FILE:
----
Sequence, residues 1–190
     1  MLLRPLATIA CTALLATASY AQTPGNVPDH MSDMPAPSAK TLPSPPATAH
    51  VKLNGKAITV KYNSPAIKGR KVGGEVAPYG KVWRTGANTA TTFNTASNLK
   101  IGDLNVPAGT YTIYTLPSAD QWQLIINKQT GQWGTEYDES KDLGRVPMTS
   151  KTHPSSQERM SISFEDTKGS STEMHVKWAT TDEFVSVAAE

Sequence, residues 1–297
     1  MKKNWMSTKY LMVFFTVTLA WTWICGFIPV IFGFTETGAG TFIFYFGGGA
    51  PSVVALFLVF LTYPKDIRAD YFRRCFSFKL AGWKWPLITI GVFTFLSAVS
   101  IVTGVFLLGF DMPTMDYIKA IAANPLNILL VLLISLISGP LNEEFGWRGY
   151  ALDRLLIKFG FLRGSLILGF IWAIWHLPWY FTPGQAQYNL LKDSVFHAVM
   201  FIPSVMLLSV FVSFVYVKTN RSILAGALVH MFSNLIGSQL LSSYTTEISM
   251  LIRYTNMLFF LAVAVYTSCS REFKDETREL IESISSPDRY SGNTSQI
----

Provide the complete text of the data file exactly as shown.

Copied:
Sequence, residues 1–190
     1  MLLRPLATIA CTALLATASY AQTPGNVPDH MSDMPAPSAK TLPSPPATAH
    51  VKLNGKAITV KYNSPAIKGR KVGGEVAPYG KVWRTGANTA TTFNTASNLK
   101  IGDLNVPAGT YTIYTLPSAD QWQLIINKQT GQWGTEYDES KDLGRVPMTS
   151  KTHPSSQERM SISFEDTKGS STEMHVKWAT TDEFVSVAAE

Sequence, residues 1–297
     1  MKKNWMSTKY LMVFFTVTLA WTWICGFIPV IFGFTETGAG TFIFYFGGGA
    51  PSVVALFLVF LTYPKDIRAD YFRRCFSFKL AGWKWPLITI GVFTFLSAVS
   101  IVTGVFLLGF DMPTMDYIKA IAANPLNILL VLLISLISGP LNEEFGWRGY
   151  ALDRLLIKFG FLRGSLILGF IWAIWHLPWY FTPGQAQYNL LKDSVFHAVM
   201  FIPSVMLLSV FVSFVYVKTN RSILAGALVH MFSNLIGSQL LSSYTTEISM
   251  LIRYTNMLFF LAVAVYTSCS REFKDETREL IESISSPDRY SGNTSQI